Academics Review falsely claims on its website that it does not accept corporate money or solicit donations for specific activities; but according to tax forms, most of the funding for Academics Review came from the Council for Biotechnology Information, a trade group funded and run by the world’s largest chemical companies: BASF, Bayer/Monsanto, DowDuPont and Syngenta/ChemChina.

Timeline of key events for Academics Review:

March 11, 2010: Byrne and Dr. Chassy discussed setting up Academics Review as a front group to target critics of GMOs and pesticides with help from Dr. Giddings.  Byrne said he and Dr. Giddings could serve as “commercial vehicles” to connect corporate entities to the project “in a manner which helps ensure the credibility and independence (and thus value) of the primary contributors/ owners…” Byrne noted he was developing for Monsanto a list of agrichemical industry critics to target:

March 24, 2010:  Dr. Chassy launched the Academics Review website along with David Tribe, PhD, senior lecturer at the University of Melbourne, Australia, with both men listed as cofounders.

November 23, 2010: Dr. Giddings and Dr. Chassy discussed which companies and industry groups might “pony up” for Academics Review to refute a paper that criticized genetically engineered soy.

  • “I bet we could generate some respectable support for it,” Dr. Giddings wrote to Dr. Chassy.
  • Chassy responded in part, “I bet our friends at Monsanto would be willing to write the rebuttal and pay us to post it.”
  • Giddings wrote, “I think the soybean guys might be willing to pony up a chunk to underwrite a rebuttal … If we do this right we can leverage the AcaRev Brand here a bit.”

A week later, Dr. Chassy asked Eric Sachs if Monsanto planned to refute the soy paper, and told Sachs: “The US Soybean Board is going to entertain a proposal from me and Graham Brookes to respond to the piece.” (Academics Review posted a response from Chassy and Brookes in 2012 with no disclosure about funders.)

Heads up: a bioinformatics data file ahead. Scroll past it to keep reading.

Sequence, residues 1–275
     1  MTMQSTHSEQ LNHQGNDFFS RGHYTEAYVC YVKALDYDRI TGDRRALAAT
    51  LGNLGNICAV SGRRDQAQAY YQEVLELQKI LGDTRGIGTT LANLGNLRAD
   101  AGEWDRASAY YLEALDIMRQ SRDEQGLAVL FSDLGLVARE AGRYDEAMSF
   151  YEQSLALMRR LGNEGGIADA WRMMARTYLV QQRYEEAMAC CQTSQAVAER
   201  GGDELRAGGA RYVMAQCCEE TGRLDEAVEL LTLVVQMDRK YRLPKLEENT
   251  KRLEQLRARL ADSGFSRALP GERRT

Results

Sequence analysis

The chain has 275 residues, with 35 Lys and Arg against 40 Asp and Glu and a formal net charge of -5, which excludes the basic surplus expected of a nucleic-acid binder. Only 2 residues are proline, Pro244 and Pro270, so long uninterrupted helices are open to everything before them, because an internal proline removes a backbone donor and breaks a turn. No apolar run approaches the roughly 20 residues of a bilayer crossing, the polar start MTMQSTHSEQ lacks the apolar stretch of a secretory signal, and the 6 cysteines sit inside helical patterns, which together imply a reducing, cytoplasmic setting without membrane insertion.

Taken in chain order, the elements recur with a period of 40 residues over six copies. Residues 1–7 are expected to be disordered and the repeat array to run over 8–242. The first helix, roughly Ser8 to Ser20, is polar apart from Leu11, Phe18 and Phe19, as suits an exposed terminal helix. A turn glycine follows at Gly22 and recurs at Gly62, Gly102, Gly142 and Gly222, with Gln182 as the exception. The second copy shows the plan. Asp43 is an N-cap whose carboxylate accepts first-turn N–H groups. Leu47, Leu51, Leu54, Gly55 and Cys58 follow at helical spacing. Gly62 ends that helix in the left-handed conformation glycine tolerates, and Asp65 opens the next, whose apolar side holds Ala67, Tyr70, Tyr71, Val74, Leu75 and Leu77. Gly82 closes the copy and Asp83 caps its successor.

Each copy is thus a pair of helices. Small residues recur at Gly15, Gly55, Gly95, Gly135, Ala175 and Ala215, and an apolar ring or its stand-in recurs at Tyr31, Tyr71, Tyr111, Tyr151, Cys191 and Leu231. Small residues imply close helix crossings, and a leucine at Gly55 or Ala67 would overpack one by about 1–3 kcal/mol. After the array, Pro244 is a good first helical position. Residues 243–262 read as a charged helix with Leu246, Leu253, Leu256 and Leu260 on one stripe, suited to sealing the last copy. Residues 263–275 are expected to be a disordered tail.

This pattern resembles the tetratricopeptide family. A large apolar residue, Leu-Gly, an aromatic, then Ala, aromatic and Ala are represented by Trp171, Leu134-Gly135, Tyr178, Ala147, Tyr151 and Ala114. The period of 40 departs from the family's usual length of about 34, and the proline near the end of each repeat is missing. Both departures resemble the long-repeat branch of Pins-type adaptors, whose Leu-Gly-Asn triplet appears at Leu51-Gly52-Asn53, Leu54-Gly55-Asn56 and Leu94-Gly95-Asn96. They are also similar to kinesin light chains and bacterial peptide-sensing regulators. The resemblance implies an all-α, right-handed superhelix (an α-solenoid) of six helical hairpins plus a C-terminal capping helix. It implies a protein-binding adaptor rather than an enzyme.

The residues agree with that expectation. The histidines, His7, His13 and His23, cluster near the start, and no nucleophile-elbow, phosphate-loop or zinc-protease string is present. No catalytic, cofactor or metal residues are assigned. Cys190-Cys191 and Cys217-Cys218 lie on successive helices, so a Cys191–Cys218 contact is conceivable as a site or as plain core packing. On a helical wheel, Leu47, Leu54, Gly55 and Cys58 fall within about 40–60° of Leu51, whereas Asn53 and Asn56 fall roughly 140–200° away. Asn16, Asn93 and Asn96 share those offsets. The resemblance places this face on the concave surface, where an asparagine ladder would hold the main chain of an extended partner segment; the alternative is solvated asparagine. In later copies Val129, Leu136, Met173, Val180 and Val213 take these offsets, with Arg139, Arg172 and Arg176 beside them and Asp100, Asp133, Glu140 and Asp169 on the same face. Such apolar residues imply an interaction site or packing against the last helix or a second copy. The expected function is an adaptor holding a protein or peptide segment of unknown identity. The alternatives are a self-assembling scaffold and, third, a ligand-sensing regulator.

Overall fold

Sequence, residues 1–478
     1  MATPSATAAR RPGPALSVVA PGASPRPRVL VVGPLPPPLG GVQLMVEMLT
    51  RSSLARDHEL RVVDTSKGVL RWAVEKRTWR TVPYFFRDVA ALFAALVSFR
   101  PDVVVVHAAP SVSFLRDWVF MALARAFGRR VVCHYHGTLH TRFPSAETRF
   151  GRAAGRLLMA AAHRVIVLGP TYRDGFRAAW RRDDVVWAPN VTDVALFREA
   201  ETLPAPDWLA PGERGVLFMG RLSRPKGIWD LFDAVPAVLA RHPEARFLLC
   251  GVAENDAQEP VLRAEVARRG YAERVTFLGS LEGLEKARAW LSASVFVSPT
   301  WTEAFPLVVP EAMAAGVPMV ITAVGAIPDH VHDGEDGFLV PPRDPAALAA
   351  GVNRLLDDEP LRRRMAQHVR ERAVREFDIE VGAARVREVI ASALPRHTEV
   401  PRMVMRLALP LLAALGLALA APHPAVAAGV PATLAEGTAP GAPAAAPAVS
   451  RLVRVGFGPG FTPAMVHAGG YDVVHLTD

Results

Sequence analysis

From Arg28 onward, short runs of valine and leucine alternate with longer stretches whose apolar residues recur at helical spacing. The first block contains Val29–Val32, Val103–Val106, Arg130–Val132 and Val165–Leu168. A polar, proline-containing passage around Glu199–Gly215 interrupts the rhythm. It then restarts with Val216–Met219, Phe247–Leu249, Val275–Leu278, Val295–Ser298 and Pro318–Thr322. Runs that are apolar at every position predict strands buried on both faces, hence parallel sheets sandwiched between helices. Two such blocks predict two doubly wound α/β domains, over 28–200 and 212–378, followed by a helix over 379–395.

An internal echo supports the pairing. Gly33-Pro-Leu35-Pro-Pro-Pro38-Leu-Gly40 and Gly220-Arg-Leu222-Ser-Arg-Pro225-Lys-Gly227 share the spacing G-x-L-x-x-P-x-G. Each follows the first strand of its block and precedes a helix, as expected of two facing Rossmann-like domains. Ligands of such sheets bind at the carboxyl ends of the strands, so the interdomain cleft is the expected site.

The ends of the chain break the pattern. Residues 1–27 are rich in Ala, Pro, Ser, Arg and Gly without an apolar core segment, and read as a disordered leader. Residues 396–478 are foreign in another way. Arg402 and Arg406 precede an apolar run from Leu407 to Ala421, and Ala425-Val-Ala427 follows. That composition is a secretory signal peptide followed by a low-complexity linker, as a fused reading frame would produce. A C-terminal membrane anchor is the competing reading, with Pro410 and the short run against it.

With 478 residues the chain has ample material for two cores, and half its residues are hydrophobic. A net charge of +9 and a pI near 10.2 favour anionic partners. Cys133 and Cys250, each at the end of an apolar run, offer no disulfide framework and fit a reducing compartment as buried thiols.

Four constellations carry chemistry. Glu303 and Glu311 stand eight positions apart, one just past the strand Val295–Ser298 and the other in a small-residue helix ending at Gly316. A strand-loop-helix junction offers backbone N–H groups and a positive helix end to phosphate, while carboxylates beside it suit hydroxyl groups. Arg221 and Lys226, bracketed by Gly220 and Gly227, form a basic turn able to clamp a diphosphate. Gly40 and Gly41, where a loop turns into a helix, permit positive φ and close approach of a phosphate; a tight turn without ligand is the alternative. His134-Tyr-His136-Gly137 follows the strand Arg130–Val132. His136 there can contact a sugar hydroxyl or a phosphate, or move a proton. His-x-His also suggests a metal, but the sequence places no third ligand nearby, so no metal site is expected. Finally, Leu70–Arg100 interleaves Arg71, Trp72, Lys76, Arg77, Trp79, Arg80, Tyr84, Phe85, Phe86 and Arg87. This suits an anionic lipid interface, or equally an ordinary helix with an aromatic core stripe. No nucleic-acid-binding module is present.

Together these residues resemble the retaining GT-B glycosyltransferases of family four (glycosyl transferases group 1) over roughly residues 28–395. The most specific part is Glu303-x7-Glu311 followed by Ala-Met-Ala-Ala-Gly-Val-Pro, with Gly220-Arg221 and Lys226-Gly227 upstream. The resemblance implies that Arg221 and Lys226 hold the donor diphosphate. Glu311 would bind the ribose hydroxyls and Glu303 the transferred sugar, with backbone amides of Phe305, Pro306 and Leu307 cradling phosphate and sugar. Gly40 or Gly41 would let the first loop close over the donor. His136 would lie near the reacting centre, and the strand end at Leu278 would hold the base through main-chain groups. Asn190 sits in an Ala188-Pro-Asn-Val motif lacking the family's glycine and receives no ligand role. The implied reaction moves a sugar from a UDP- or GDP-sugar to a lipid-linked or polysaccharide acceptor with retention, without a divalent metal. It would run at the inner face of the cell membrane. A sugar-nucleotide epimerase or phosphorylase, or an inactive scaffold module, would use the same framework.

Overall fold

November 30, 2010: In the email exchange with Dr. Chassy, Eric Sachs of Monsanto said he could help motivate the pesticide and GMO industry trade groups to support Academics Review. “The key will be keeping Monsanto in the background so as not to harm the credibility of the information,” Sachs wrote.

August 2011: Dr. Giddings submitted a proposal to the agrichemical industry-funded trade group CBI for the  project: “what we do over the next year is directly a function of the support we can raise,” he wrote to CBI Managing Director Ariel Gruswich, in an email copied to Drs. Chassy and Tribe. Gruswich urged the men to join a phone call with her group: “I really believe that hearing directly from you all will increase the likelihood of support among the companies,” she wrote. Tax records show the corporate-funded CBI gave Academics Review $650,000 from 2014 to 2016 for “scientific outreach.”

April 2014: Academics Review published a report attacking the organic industry as a marketing scam, and claimed to be an independent group with no conflicts of interest. See: “Monsanto fingerprints found all over attack on organic food,” by Stacy Malkan, Huffington Post

Industry-funded “boot camps” trained scientists, journalists how to spin GMOs and pesticides  

Over $300,000 of the chemical industry funds Dr. Giddings helped raise for Academics Review went to pay for two conferences called the “Biotech Literacy Project” boot camps, held at the University of Florida in 2014 and UC Davis in 2015, according to tax records. The boot camps – organized by Academics Review and another industry front group,  Genetic Literacy Project – trained journalists and scientists how to reframe the debate about GMOs and pesticides.

See: “Flacking for GMOs: How the Biotech Industry Cultivates Positive Media – and Discourages Criticism,” by Paul Thacker, The Progressive

Deregulating GMOs: “blow the whole damn thing up”

In emails dated February 2015, Dr. Giddings discussed with several academics a plan to write five journal papers arguing for the need to deregulate the biotech industry. Dr. Giddings wrote that the papers should capture, “what I call Henry’s ‘Blow the whole damn thing up’ argument, which is a case I do think should be made.”  University of Arizona law professor Gary Marchant, who initiated the email exchange, explained, “paper 1 is intended to be the blow the whole damn thing up topic.”